Bonds Between Frank Salisbury and the Henry Folgers

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Frank O. and Mrs. Salisbury on board the S.S. Olympic, 1932. Courtesy of the Folger Shakespeare Library

Frank O. and Mrs. Salisbury on board the S.S. Olympic, 1932. Courtesy of the Folger Shakespeare Library

In 1926, the reserved Henry Clay Folger (1857–1930), CEO at Standard Oil Company of New York, uncharacteristically resolved to have large twin oil portraits made of him and his wife, Emily Jordan Folger (1858–1936). The paintings would hang in the Folger Shakespeare Library to be built in Washington DC to house the greatest collection of the Bard’s works in the world. Folger picked the best, Frank O. Salisbury (1874–1962), known as Britain’s Painter Laureate, who would paint 25 members of the Royal House of Windsor and six American presidents. Folger’s private secretary, Alexander G. Welsh, made the initial appointment, confiding that the subject was a modest man who wanted to avoid publicity.

Henry Clay Folger, painted by Frank O. Salisbury, 1927. Courtesy of the Folger Shakespeare Library.

Salisbury was delighted when the Folgers agreed to pose in their colorful academic robes: Amherst purple hood for Henry, Vassar pink for Emily. The painter abhorred subjects who showed up for a sitting in a dark suit. Salisbury’s passion for vibrant color came from his teenage years as apprentice in a stained glass company.  For his sitting on January 29, 1927, Salisbury beseeched Folger to bring something to hold in his hands. He arrived with a stout book from his collection, the first attempt at a collected edition of the Bard’s works called the Pavier quartos, printed in 1619. The seventeenth-century bookbuyer, Edward Gwynn, had stamped his name on the original binding. Folger came to the sitting alone by subway, with the precious volume wrapped up in a newspaper!

The Folgers were happy with the resulting three-quarter-length paintings. Folger wrote Salisbury, “we have heard nothing but unqualified praise of the portraits. I am, naturally, a poor judge of my own, but think Mrs. Folger’s a marvelous piece of work, not only as a portrait but as a painting. I am inclined to think that long after we are, as individuals, forgotten, it will be admired as a work of art. The fan must be all right, as it is Shakespearean.” Emily had brought to her sitting on February 24 a fan from their collection depicting a scene from Henry V. After visiting the Salisbury exhibit at the Anderson Galleries in New York, Folger wrote Salisbury, “I overheard two men chatting, ‘Can it be that we have been living with these distinguished men and women without recognizing them as such?’” Henry Folger died in 1930 before his Shakespeare library was built on prime real estate two blocks from the U. S. Capitol.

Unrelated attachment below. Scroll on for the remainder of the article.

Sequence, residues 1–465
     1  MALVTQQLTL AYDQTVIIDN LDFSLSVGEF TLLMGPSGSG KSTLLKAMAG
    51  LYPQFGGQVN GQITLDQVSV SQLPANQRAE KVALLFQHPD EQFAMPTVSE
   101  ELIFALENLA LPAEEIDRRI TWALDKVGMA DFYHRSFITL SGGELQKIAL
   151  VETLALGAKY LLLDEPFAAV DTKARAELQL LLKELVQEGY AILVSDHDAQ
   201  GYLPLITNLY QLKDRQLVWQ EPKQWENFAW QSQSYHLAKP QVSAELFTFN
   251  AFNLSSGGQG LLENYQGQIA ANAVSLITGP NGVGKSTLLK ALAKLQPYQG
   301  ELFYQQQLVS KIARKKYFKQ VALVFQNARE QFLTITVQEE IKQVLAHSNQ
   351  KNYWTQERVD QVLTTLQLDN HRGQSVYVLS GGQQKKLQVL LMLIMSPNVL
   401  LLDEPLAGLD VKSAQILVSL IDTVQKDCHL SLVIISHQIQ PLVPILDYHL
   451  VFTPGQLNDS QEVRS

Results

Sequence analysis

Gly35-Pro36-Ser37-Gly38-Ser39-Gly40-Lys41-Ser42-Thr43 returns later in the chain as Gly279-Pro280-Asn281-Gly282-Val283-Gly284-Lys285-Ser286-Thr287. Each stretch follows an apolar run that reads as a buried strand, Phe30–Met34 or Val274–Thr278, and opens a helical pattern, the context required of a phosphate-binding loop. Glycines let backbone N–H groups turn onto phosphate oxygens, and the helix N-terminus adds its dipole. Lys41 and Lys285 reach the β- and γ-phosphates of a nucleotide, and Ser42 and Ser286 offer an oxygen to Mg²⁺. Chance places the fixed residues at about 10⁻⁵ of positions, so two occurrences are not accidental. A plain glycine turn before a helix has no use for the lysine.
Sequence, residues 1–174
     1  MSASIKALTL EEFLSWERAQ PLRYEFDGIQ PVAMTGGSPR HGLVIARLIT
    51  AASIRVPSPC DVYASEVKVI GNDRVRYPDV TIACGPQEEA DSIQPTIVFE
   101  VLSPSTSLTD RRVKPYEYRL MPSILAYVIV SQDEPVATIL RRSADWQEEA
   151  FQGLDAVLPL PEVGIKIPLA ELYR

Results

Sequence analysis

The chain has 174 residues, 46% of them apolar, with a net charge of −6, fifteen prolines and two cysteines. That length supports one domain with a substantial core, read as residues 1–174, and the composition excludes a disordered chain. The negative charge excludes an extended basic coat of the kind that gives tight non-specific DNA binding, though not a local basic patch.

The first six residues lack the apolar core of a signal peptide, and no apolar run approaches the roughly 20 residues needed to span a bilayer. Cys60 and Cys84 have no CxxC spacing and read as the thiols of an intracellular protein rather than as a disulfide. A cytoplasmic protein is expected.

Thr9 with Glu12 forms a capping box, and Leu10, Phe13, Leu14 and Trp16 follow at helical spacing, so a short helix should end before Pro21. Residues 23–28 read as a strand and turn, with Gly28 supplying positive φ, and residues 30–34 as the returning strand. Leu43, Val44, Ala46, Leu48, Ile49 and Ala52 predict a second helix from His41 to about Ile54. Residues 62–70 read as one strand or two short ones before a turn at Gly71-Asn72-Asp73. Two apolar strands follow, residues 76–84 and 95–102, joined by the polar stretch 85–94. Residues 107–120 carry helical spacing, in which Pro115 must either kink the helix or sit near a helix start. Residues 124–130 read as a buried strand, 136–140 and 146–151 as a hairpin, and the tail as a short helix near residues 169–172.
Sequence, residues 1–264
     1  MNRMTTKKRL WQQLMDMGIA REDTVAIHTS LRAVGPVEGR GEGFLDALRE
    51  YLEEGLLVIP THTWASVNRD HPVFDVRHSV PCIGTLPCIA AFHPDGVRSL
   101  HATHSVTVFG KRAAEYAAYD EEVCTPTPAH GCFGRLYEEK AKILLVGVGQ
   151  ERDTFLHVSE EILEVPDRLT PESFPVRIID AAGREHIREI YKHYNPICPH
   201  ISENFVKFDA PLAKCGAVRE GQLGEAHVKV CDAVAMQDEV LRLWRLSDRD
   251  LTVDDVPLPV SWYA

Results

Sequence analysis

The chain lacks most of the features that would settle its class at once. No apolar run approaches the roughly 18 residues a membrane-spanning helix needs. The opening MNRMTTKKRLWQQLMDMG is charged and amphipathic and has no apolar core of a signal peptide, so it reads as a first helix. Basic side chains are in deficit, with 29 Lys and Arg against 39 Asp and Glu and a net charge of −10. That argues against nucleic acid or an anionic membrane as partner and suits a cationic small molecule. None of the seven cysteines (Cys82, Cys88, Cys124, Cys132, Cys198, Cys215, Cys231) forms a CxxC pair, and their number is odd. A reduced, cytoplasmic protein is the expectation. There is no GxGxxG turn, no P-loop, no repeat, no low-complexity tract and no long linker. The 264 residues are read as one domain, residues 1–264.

Emily Jordan Folger, painted by Frank O. Salisbury, 1927. Courtesy of the Folger Shakespeare Library

The painter was delighted with how his portraits were displayed at the east end of the reading room of the Folger. Salisbury wrote to Emily Folger: “We have just returned from Washington where we have been to see the Folger Shakespeare Library, and although Mr. Folger and you showed me the plans and I was able to build it in my imagination, yet in reality the actual thing has far surpassed my best imaginative dream. The whole structure is perfectly wonderful. I should like to congratulate you most heartily for the realization of yours and Mr. Folger’s magnificent conception: it is truly a great heritage to mankind and it will forever shed its supreme influence of culture and refinement upon all who look upon its structural beauty and study its exhibited treasures.”

The tone embodied in the Folger-Salisbury relationship goes beyond Victorian distance and courtesy. The artist-client bonds established initially transcend into an unusually warm and sincere mutual admiration over five years of the Gilded Age. Folger and Salisbury were enormously successful at what they did. Folger went to the top of two distinct fields: the petroleum industry and collecting Shakespeare. Salisbury the portraitist made a fortune on both sides of the Atlantic, investing his gains in America to avoid being double-taxed by transferring them to the UK. Both men had business sense, they were modest, they were teetotalers. They both empathized with Emily Folger who had developed writer’s cramp due to her having catalogued hundreds of thousands of items of their Shakespeare collection.

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Author:Stephen Grant

Independent scholar Stephen H. Grant is the author of the first biography of Henry and Emily Folger, COLLECTING SHAKESPEARE (Johns Hopkins, 2014), which describes how the Brooklyn couple founded and endowed the Folger Shakespeare Library in Washington DC in 1932.

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